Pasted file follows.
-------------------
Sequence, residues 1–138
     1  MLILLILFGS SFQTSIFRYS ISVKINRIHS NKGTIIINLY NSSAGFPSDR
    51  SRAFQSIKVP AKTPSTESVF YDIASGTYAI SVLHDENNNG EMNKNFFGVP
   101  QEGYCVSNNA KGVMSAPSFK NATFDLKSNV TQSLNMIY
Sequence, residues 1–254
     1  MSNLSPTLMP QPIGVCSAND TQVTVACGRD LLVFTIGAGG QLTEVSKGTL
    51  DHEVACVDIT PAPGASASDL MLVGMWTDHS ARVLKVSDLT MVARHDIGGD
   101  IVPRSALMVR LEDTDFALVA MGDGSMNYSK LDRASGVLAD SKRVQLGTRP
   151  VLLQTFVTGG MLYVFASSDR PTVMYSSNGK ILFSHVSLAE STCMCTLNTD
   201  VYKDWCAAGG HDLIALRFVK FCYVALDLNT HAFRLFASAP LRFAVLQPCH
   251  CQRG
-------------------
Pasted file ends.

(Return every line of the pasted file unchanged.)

Sequence, residues 1–138
     1  MLILLILFGS SFQTSIFRYS ISVKINRIHS NKGTIIINLY NSSAGFPSDR
    51  SRAFQSIKVP AKTPSTESVF YDIASGTYAI SVLHDENNNG EMNKNFFGVP
   101  QEGYCVSNNA KGVMSAPSFK NATFDLKSNV TQSLNMIY
Sequence, residues 1–254
     1  MSNLSPTLMP QPIGVCSAND TQVTVACGRD LLVFTIGAGG QLTEVSKGTL
    51  DHEVACVDIT PAPGASASDL MLVGMWTDHS ARVLKVSDLT MVARHDIGGD
   101  IVPRSALMVR LEDTDFALVA MGDGSMNYSK LDRASGVLAD SKRVQLGTRP
   151  VLLQTFVTGG MLYVFASSDR PTVMYSSNGK ILFSHVSLAE STCMCTLNTD
   201  VYKDWCAAGG HDLIALRFVK FCYVALDLNT HAFRLFASAP LRFAVLQPCH
   251  CQRG